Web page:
Joanna Li, a professional development coach at home services software Jobber, suggests adhering to a praise-to-criticism ratio of five positive feedback messages for every one negative criticism. For this to be effective, the praise shouldn’t be lumped together in an attempt to cushion the blow of the criticism. It needs to be doled out in natural moments after an employee exhibits exemplary behavior or shows growth. Creating a log of feedback you give an employee can help you keep track of your ratio and ensure you’re providing more positive than negative feedback. 

 

4. Document and Prepare Feedback Before Meetings 

It takes time and preparation to provide good criticism. Consider writing down your feedback first. If a person wasn’t as prepared for a meeting as they should’ve been, list how that manifested itself in the meeting and why it mattered in a document. 

The process allows you to reflect on what you’re critiquing, Noel said. If you can’t put your finger on why you’re giving them this feedback, then it’s a good sign that it’s either unimportant or needs more time to marinate. 

“[Managers] frequently go into these conversations unprepared. They don’t have a plan. They aren’t coming in with specific examples to make feedback useful,” Waters said. “That sets people off on an Easter egg hunt for like, ‘What does that really mean?’” 

 

5. Empathize With the Feedback Receiver 

It’s important as the person giving feedback to put yourself in the shoes of the person receiving that feedback. Is the feedback actionable? Are you helping the person be successful or punishing them? If you aren’t empathizing with the employee, then it’s not a collaborative effort. It’s just a critique.

“The feedback process is sensitive to emotions, to motivation and to the social environment,” said Carlton Fong, an assistant professor at Texas State University. “A lot of things are at play, and a lot of care needs to be put into delivering the best kind of feedback. When you do, it can be one of the most powerful tools and levers for increased learning and motivation.”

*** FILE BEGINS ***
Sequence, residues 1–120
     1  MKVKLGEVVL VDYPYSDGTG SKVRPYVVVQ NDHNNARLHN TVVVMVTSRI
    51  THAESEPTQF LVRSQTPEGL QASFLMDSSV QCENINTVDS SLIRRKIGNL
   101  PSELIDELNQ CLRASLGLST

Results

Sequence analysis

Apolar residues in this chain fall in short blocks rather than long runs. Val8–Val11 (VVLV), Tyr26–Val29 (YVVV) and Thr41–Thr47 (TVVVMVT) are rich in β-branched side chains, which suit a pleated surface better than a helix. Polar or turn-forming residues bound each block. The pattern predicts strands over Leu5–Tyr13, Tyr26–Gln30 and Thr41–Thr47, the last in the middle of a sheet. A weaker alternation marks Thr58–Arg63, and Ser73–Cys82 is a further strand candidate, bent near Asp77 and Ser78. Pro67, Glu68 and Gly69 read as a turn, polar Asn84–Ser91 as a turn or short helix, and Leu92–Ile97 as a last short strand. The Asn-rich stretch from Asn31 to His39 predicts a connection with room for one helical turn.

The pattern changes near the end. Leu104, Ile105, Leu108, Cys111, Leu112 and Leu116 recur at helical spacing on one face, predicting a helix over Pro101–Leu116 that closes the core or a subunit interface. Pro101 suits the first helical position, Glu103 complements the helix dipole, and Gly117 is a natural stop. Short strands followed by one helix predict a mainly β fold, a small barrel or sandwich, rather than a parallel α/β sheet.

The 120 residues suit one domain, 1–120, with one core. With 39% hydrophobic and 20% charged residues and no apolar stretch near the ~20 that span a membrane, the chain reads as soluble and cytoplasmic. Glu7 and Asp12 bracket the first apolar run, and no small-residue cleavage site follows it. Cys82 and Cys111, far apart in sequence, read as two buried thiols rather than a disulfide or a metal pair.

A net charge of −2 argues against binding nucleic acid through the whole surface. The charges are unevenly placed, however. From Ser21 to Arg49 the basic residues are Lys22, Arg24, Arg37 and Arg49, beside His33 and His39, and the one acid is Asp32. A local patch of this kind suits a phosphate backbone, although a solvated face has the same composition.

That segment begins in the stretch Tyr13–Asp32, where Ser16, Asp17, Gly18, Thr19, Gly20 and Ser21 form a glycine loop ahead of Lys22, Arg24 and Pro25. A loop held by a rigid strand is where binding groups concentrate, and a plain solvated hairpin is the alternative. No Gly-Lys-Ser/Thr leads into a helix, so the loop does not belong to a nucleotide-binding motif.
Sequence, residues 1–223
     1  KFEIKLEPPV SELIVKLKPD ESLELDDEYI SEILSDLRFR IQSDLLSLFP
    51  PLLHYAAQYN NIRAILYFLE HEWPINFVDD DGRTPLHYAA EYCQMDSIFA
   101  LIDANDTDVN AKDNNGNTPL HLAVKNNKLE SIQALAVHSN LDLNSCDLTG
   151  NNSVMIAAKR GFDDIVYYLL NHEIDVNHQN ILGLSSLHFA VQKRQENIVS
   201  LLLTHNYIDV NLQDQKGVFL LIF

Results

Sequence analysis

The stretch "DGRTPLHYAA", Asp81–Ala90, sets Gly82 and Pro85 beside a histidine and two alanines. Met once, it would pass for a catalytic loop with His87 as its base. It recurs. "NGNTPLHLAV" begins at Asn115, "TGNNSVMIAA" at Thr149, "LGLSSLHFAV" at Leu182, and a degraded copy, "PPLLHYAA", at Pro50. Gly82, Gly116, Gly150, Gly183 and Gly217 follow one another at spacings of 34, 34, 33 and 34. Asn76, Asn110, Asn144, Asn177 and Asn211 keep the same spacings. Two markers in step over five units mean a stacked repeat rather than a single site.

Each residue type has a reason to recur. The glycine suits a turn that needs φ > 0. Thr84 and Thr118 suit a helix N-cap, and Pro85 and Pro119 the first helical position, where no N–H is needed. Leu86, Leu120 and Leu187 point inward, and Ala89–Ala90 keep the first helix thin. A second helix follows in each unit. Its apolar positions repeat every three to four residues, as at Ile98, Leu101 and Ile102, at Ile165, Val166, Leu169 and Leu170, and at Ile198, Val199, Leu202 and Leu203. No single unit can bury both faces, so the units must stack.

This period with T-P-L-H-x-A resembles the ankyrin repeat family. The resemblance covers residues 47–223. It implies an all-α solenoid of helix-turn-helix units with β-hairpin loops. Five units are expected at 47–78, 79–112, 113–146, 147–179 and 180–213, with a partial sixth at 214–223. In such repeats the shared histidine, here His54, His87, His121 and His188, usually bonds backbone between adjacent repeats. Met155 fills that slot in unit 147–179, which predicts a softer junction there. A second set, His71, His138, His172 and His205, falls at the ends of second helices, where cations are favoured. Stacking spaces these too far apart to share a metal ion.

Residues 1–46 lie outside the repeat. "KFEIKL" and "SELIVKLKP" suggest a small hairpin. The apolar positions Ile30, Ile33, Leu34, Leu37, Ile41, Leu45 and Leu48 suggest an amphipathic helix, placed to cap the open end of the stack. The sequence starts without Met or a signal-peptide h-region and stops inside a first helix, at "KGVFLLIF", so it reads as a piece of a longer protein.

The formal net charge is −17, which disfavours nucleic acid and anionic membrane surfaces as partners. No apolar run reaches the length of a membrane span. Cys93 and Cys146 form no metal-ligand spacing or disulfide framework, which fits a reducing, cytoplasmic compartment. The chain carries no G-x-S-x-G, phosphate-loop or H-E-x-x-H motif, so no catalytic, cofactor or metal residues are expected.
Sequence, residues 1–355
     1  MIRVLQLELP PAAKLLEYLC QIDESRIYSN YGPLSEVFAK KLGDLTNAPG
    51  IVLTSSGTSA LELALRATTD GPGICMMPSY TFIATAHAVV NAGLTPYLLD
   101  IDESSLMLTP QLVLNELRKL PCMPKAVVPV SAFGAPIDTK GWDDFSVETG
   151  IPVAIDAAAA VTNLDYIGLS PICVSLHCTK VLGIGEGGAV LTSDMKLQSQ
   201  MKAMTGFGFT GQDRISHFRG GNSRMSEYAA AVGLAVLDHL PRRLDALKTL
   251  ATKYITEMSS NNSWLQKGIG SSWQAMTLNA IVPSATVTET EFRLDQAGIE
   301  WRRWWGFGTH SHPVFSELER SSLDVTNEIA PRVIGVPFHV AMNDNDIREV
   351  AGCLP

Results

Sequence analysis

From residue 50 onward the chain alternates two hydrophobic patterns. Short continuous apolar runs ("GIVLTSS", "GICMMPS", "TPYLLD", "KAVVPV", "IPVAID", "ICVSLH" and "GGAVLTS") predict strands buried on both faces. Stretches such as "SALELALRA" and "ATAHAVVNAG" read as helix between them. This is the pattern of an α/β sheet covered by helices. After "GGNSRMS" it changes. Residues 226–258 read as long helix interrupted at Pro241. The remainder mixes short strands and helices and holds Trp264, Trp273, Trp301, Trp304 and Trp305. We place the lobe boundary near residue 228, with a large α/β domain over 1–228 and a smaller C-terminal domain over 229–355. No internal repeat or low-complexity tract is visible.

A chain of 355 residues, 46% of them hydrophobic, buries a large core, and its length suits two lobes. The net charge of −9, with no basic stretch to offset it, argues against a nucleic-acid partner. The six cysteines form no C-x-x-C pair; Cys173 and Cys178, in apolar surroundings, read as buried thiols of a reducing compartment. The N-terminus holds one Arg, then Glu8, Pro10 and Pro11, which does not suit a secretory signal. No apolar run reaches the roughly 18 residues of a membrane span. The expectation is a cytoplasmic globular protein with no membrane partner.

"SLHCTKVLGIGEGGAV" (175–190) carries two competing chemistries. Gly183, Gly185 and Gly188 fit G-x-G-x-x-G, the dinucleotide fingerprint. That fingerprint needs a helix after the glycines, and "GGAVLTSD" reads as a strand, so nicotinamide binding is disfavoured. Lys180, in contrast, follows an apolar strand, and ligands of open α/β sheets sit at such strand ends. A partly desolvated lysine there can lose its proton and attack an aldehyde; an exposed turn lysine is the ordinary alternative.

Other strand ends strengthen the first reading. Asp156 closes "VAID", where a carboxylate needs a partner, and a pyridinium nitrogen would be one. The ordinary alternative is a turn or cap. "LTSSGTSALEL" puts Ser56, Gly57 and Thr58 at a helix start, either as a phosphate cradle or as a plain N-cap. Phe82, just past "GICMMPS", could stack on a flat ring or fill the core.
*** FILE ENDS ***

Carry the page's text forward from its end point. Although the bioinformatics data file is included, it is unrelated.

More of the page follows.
To understand how different individuals process criticism, Fong suggests managers have employees answer the following five questions:  

  • What does the feedback mean to me? 
  • How do I feel about the feedback?
  • Can I improve from this feedback?
  • Do I want to improve from the feedback?
  • Am I socially supported to improve from this feedback?

 

6. Make Sure the Individual Is Ready for Feedback

The person you’re delivering constructive criticism to must be in the right frame of mind to receive it. Otherwise, they’ll either shut down or enter a defensive mindset, which can lead the interaction to spiral into misunderstanding. 

To prevent that from happening, you’ll want to make sure you time the feedback for when the person is open to receiving it. For less urgent matters, this is where your homework establishing how the person wants to receive feedback comes in. Delivering it the way they asked is a great way to build trust.

But sometimes constructive criticism is more urgent or tied to a specific event, like after an important presentation. In those situations, the best thing you can do is just ask the person if they’re open to feedback, Waters said.

 

7. Establish a Back-and-Forth Dialogue 

Turning feedback into a dialogue starts with how you present the information. Rather than lecturing, you should always start from a place of curiosity, Li said. Make it clear that you’re presenting the situation, behavior and impact as a story from your perspective, and that you’re open to hearing their take on the situation.

This gives the person an opportunity to respond, reflect on the situation and feel heard, Li said. Your goal should be to understand their experience, which will give them room to process the feedback on their own terms and ensure you’re accurately addressing the situation.  

Other ways to engage with the employee on the feedback, according to Waters, include sharing an observation and asking them “What’s going on for you?,” asking them to share their perspective and asking, “What do you want to do with this feedback?”

“It’s getting out of the [idea] that you own the feedback,” Waters said. “They own the feedback and you’re just a facilitator in the process.”  

 

8. Give the Feedback Receiver Room to Process

Allow for natural pauses in the conversation to let the person respond. Keep an eye on their body language or facial expressions and modulate your phrasing or tone accordingly if your interaction is in-person or on Zoom, said Hazim Macky, VP of engineering for the crypto financial firm Coinme. If a person’s hands are crossed or they seem disengaged, it might be a good opportunity to either soften your critique or step back and listen. 

In some cases, the employee may need more time to process the information. Give them that space.